It seems fitting that not long after El Paso made the Rockefeller Foundation’s list of 100 resilient cities around the world, long-time outdoor musical “Viva! El Paso” would make a comeback. Starting this month through August, the local favorite will bounce back from last year’s fall.
Since 1978, the show has depicted 400 years of El Paso’s history and evolution through indigenous people, Spanish conquistadors, cowboys and Mexican settlers. Many fans and performers were disappointed last year, when there was a halt to the annual musical.
“It was sad when the show was canceled because this is a tradition in El Paso,” choreographer Jaime Carrasco said. “Even though some people had seen the show before, the following year they would look forward to seeing it again and take family from out of town to see it.”
A dancer who runs Ballet Folklorico Quetzales, Carrasco has been a part of the musical on and off since 1989 and witnessed the destabilization of the show. From conflicts among board members of the former El Paso Association for the Performing Arts, which ran “Viva! El Paso,” to the loss of its non-profit status to declined ticket sales to the organization’s disbandment, the future of the show seemed dubious for many fans until several organizations and institutions stepped in. Destination El Paso General Manager Bryan Crowe reached out to the El Paso Community Foundation, which then reached out to the University of Texas at El Paso Department of Theatre and Dance for talent. Destination El Paso is the promoter of the show.
“We’re here to get all that behind us and really work on a bright future,” said El Paso Community Foundation president Eric Pearson. “We’re starting from the beginning with good governance and solid financial backing and the opportunity for El Pasoans and people from out of town to come and enjoy what I consider one of the most beautiful places in El Paso, the McKelligon Canyon.
“[This is] an important show that reflects El Paso’s history and provides the opportunity for students at UTEP and elsewhere to learn the ropes in a professional production.”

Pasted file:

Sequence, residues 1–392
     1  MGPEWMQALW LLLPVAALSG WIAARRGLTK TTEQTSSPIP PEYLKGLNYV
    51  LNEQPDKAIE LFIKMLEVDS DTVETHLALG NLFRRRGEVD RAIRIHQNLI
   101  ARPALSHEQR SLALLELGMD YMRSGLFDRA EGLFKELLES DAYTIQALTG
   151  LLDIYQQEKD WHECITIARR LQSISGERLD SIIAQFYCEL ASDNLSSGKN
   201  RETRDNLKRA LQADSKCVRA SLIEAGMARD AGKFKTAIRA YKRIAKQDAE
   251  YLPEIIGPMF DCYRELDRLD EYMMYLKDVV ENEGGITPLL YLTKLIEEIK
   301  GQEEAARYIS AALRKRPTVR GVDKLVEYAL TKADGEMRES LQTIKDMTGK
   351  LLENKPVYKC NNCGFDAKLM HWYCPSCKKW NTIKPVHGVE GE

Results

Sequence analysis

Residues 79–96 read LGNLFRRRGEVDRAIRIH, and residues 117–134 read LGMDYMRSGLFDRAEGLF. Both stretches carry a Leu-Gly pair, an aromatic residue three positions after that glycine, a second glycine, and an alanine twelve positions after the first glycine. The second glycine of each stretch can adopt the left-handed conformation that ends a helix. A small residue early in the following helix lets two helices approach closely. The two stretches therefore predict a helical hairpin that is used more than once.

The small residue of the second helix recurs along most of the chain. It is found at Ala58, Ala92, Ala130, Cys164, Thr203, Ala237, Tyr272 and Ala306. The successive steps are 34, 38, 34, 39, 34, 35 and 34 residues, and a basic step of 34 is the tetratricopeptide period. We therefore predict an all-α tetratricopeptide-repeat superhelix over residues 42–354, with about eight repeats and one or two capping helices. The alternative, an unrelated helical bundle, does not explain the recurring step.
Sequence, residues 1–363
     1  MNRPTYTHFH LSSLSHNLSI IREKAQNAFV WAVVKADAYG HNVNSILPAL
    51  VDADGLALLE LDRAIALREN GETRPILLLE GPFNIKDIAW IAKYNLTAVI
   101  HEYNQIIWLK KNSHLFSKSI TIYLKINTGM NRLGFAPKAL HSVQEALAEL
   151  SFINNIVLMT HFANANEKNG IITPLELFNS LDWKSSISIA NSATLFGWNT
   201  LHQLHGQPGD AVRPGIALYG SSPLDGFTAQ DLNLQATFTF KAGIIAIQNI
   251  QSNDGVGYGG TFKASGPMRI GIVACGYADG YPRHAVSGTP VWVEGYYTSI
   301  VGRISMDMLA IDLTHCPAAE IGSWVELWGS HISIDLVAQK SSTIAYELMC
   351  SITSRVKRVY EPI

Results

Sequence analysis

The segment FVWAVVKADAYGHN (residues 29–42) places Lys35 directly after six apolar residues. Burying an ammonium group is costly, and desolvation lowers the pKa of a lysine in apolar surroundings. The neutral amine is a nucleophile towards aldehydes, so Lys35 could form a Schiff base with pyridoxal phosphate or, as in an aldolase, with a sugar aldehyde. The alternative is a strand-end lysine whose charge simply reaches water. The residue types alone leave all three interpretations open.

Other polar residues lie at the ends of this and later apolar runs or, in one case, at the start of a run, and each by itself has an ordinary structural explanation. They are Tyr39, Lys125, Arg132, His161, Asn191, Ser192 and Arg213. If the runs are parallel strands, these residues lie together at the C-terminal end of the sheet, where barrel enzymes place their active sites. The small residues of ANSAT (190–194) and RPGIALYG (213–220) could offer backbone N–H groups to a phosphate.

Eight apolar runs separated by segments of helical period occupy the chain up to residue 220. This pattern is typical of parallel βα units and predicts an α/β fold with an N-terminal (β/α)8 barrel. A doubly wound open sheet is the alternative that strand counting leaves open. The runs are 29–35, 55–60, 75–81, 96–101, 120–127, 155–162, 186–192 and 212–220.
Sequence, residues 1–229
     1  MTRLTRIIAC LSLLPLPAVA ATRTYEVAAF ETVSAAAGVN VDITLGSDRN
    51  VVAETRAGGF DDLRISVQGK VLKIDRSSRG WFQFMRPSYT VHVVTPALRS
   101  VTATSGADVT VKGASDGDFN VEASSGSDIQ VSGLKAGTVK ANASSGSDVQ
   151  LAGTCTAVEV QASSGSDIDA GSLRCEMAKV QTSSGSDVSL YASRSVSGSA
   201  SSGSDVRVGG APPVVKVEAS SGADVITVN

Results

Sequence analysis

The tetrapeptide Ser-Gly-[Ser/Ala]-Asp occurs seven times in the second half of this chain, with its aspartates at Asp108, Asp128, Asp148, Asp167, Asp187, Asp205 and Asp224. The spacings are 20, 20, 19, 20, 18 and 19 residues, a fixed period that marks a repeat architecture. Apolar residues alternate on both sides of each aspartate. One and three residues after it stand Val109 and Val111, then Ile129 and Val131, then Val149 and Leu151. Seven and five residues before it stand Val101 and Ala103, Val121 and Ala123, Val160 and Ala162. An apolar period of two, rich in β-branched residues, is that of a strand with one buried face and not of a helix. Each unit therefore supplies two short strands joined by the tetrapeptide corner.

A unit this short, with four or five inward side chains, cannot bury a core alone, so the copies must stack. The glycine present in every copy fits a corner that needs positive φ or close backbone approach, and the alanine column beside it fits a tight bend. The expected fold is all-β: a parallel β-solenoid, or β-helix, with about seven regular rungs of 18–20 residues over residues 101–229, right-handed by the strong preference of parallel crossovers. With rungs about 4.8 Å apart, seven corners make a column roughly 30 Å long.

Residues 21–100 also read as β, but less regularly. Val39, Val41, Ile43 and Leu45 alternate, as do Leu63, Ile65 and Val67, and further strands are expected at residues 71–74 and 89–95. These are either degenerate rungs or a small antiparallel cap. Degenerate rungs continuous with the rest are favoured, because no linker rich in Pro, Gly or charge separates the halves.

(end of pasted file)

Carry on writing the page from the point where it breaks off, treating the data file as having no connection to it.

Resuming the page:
The foundation invested upwards of $130,000 into the show, Pearson said. UTEP Department of Theatre and Dance head of directing and production coordinator Chuck Gorden is the creative director. With 30 years of experience directing shows including outdoor performances, Gorden’s enthusiasm for this year’s run of “Viva! El Paso” hints at a promising future for the show’s revival.
“In a lot of ways it’s more than just a show because it does speak directly to the culture of the people who live here,” Gorden said. “It addresses the roots and history of the different cultures that have created what we know as El Paso.”
The musical will draw back to its roots following the storyline of an abuela and her soon-to-be-married granddaughter. The abuela tells her granddaughter stories of El Paso’s history, which is depicted through various song and dance sequences. New to the show will be the interpretive depiction of La Llorona.
“The girls who dance in the back represent the water of the river and the children who are drowned and the whole idea of the mythological chorus telling the story,” choreographer and UTEP head of dance Lisa Smith said.
About 75 people are involved in “Viva! El Paso,” including long-time participants such as choreographers Carrasco and Nina Gomez, as well as new participants such as Vanessa Keyser, who plays the abuela.
“When I was little, my grandparents would take me to see “Viva! El Paso” in the summer when we would visit,” Keyser said. “It’s a lot of fun to be a part of such an amazing spectacle, but also something so historical that really tries to define who we are and where we’ve been and where we’re going.”